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Executives

Helen Baud – Host, The Wall Street Analyst Forum

Stacey Renner – Treasurer

Steve Lant – Chairman, President and CEO

CH Energy Group, Inc. (CHG) The Wall Street Analyst Forum Call Transcript November 19, 2008 11:10 AM ET

Helen Baud

Good morning ladies and gentlemen. My name is Helen Baud from the Wall Street Analyst firm. I’m your host in this room today. At the registration desk we have Sydney Baud who will escort you to the breakout session of this presentation. At this time, I would ask anyone with a cell phone, pager handheld device, to please either turn it to the silent or off position so it will not disturb the presentation. The next company we have this morning is CH Energy Group.

CH Energy Group is an energy company comprised of two primary subsidiaries. Central Hudson Gas & Electric Corporation is a regulated transmission and distribution utility serving electricity and natural gas customers in eight countries of New York Mid-Hudson Valley region. Central Hudson Enterprises Corporation or CHEC is focused primarily on non-regulated energy distribution and renewal energy. CHEC is the parent of Griffith Energy Services, one of the largest and most respected fuel distribution companies in the Mid-Atlantic and Northeast Region.

Presenting today is Stacey Renner, Treasurer and Steve Lant, Chairman, President and CEO.

Stacey Renner

Good morning. I’m Stacey Renner. Before Steve Lant could start, let me first review some cautionary language on these forward-looking statements. Please refer to the paragraph on page two of the slide presentation, during this investor presentation and in the question-and-answer session to follow. CH Energy Group participants may discuss managements intentions, beliefs, expectations, projections or make other statements are not historical of nature.

Please note that these forward-looking statements are subject to assumptions, risks and uncertainties that could cause actual result to differ materially from the forward-looking statements. These risks are discussed in more detail in our filing on Form 10-K for the year ended December 31, 2007 under the section labeled Risk Factors and is updated in subsequent 10-Q filings.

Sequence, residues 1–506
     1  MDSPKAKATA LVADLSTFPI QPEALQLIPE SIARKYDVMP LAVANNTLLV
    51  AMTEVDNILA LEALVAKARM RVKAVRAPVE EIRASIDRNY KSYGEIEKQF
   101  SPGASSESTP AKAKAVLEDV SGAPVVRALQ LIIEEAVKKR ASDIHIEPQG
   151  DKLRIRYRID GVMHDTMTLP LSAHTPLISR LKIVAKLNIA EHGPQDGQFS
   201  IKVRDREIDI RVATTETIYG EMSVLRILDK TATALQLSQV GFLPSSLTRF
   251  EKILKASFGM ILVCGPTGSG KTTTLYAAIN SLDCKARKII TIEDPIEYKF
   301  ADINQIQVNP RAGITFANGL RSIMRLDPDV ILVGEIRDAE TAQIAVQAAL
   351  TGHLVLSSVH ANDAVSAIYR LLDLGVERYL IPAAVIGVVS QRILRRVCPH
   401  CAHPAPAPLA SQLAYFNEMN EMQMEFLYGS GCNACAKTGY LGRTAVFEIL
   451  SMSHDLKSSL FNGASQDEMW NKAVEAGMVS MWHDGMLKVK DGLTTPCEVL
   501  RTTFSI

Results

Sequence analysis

Those filings are available at our website www.chenergygroup.com in the Investor Relations section at the link SEC filings.

Thank you and I’ll turn it over to our speaker Steve Lant.

Steve Lant

Thank you, Stacey, and good morning everyone. We have a small group here today and I think that will facilitate a more informal presentation. I really look forward to your questions; that tends to be the most useful part of our presentations. So, I will try to justice to the prepared slides, but nevertheless save time at the end to answer your questions and discuss any issues you find interesting or important.

Let me start out by giving you a quick overview of CH Energy Group. We are a utility company with an unregulated subsidiary as well that seeks to deliver long-term benefits to our shareholders through the combination of a stable dividend, which currently is producing a dividend yield of over 5% and long-term growth and earnings per share, which combined we will produce a attractive total return for our shareholders.

Experienced management team that is very capable, knows what it’s doing. It’s focused on our core competencies that we feel our fundamental to running a utility company successfully.

First; disciplined financial management, never more important than today. Enterprise risk management, likewise never more important than in the current environment and effective cost management and operational excellence. We deal with some very, very basic and fundamental quality of life related products electricity and natural gas, and reliability of service and cost effective service are two of the most important things to our customers.

We also have substantial capital resources in this current environment to achieve our business objectives and grow our company’s earnings going forward. So, let me tell you a little bit more about the different businesses in which we are participating. This is the map that shows the operations that we currently have. The blue shape in the Southern part of New York State is the service territory of our regulated utility Central Hudson, Gas & Electric Corporation, which you’ll soon learn is generating about 85% of our net income.

The green area is the market area of the Griffith Energy Services Company, which delivers fuel oil motor fuels and propane throughout that footprint, that you see displayed in green.

The stars are the locations of the renewable energy investments that we’ve made over the past few years. The Northern most star is the Lyonsdale Biomass Plant. The star that’s just to the Southwest of that against the Auburn Landfield Gas plant and the one in Pennsylvania is a wind farm and the one down Atlantic in New Jersey is a wind farm as well and just below the map, there is an arrow pointing west towards Lexington, Nebraska, where we have an ownership share of an ethanol plants.

We, as on a utility scale are on the small side serving about 300,000 electric customers and 74,000 natural gas customers through Central Hudson, but on the fuel oil side we are one of the bigger players in the industry serving 114,000 fuel distribution customers in that green market area.